In its passage through the Grand Committee the Food Bill is being amended in a number of important particulars, and it is in the highest degree satisfactory that so much interest has been taken in the measure by members on both sides of the House as to lead to full and free discussion. Sir Charles Cameron, Mr. Kearley, Mr. Strachey, and other members have rendered excellent service by the introduction of various amendments; and Sir Charles Cameron is especially to be congratulated upon the success which has attended his efforts to induce the Committee to accept a number of alterations the wisdom of which cannot be doubted. The provision whereby local authorities will be compelled to appoint Public Analysts, and compelled to put the Acts in force in a proper manner, and the requirement that analysts shall furnish proofs of competence of a satisfactory character to the Local Government Board, will, it cannot be doubted, be productive of good results. The fact that the Local Government Board is to be given joint authority with the Board of Agriculture in insuring that the Acts are enforced is also an amendment of considerable importance, while other amendments upon what may perhaps be regarded as secondary points unquestionably trend in the right direction. It is, however, a matter for regret that the Government have not seen their way to introduce a decisive provision with regard to the use of preservatives, or to accept an effective amendment on this point. Under existing circumstances it should be plain that the right course to follow in regard to preservatives is to insist on full and adequate disclosure of their presence and of the amounts in which they are present. It is also a matter for regret that the Government have declined to give effect to the recommendation of the Food Products Committee as to the formation of an independent and representative Court of Reference. It is true that the Board of Agriculture are to make regulations in reference to standards, after consultation with experts or such inquiry as they think fit, and that such inquiries as the Board may make will be in the nature of consultations of some kind with a committee to be appointed by the Board. There is little doubt, however, that such a committee would probably be controlled by the Somerset House Department; and as we have already pointed out, however conscientious the personnel of this Department may be—and its conscientiousness cannot be doubted—it is not desirable in the public interest that any single purely analytical institution should exercise a controlling influence in the administration of the Acts. What is required is a Court of Reference which shall be so constituted as to command the confidence of the traders who are affected by the law as well as of all those who are concerned in its application. Further comment upon the proposed legislation must be reserved until the amended Bill is laid before the House.

Details

British Food Journal, vol. 1 no. 5
Type: Research Article
ISSN: 0007-070X

Article
Publication date: 3 June 2022

Gavin Foster, John Robertson, Sophia Pallis and Jose Segal

To improve outcomes for people with co-occurring mental health and substance use disorders, the Eastern Health Mental Health Service implemented an integrated treatment…

Abstract

Purpose

To improve outcomes for people with co-occurring mental health and substance use disorders, the Eastern Health Mental Health Service implemented an integrated treatment model known as the dual diagnosis clinician shared care model. This study aims to provide evidence for a relatively unexplored model in clinical mental health services within the state of Victoria, Australia.

Design/methodology/approach

Dual diagnosis clinicians were placed into community mental health clinics in a shared-care, modified case management role, to provide primary and secondary consultations to select consumers and/or their carers, as well as to provide capacity-building training to the mental health staff facing real world clinical challenges in dual diagnosis service delivery.

Findings

Since the commencement of this service, more than 800 consumers of the adult mental health service have been supported to concurrently address their harmful substance use, while receiving recovery-focused community mental health care. Preliminary findings include previously unknown figures on the prevalence for co-occurring substance use at the point of referral and a demonstrated preference by consumers for treatment of both disorders at the same time by the same service (in-house treatment).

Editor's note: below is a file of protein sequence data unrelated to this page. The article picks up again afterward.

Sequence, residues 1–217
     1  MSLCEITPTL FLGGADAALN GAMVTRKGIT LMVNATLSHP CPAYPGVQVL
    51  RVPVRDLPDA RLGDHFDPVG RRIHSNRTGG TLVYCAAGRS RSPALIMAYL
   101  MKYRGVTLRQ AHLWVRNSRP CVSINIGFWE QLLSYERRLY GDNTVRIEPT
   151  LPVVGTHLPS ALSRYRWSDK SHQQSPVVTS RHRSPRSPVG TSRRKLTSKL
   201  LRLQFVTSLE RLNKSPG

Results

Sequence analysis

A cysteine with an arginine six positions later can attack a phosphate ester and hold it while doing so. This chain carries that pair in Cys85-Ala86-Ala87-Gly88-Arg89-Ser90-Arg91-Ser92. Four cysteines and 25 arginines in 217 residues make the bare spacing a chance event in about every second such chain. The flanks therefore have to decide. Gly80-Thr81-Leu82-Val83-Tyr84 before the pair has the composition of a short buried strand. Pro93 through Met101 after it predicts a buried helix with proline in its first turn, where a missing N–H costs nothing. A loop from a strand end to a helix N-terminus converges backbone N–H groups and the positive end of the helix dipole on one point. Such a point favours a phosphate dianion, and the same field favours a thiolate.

Originality/value

The establishment of a dedicated, integrated dual diagnosis team has significantly increased the capacity of a community-based clinical mental health service to engage with and treat consumers with dual diagnosis disorders. This model is beginning to produce evidence challenging traditional siloed approaches to mental health and alcohol and drug treatment.

Details

Advances in Dual Diagnosis, vol. 15 no. 3
Type: Research Article
ISSN: 1757-0972

Keywords

Article
Publication date: 1 February 2008

Frank B. Tipton

The purpose of this paper is to consider the role of culture in international business studies, viewed from the perspective of textbooks in the field.

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Abstract

Purpose

The purpose of this paper is to consider the role of culture in international business studies, viewed from the perspective of textbooks in the field.

Design/methodology/approach

This paper analyses the separate chapters on the role of culture in 19 survey texts in international business at three levels: factual assertions; social and historical interpretations; and application of general theories.

Findings

Although all textbooks in international business emphasize the importance of culture, the survey reveals serious weaknesses at all three levels, including straightforward errors of fact, more subtle errors of interpretation, and serious problems with definitions and application of theories of cultural difference. The weaknesses are strikingly consistent, and the paper examines a range of possible common causes. Imbricated in the professional structures of the field, the authors appear to be under pressure from publishers, they share a US‐centred bias, and they appear professionally isolated.

Originality/value

Parallel to theories of nationalism and some postcolonial theorists, it can be argued that the implicit purpose of the texts is not to engage sympathetically with actual cultural differences, but rather to mould the next generation of American managers into a common pattern, by identifying an exotic cultural Other against which students will form their new identity. One of the consequences is that it does not matter greatly to the authors whether other cultures are presented accurately, or not. In practical terms, however, cultural differences are important and are recognized as such in international business studies, and so there is reason to hope that the texts will be improved.

Details

Critical perspectives on international business, vol. 4 no. 1
Type: Research Article
ISSN: 1742-2043

Keywords

Article
Publication date: 1 October 1983

John Teire

In the first of these two articles, John Teire, a training and development consultant, described the reasoning behind the course he helped design for Plessey at Beeston…

Abstract

In the first of these two articles, John Teire, a training and development consultant, described the reasoning behind the course he helped design for Plessey at Beeston. And Steve and Larry, managers on the course who had both kept diaries, gave their accounts of the experience from the inside. It is now Wednesday morning of the course and a new day. Steve and Larry continue with their stories.

Details

Industrial and Commercial Training, vol. 15 no. 10
Type: Research Article
ISSN: 0019-7858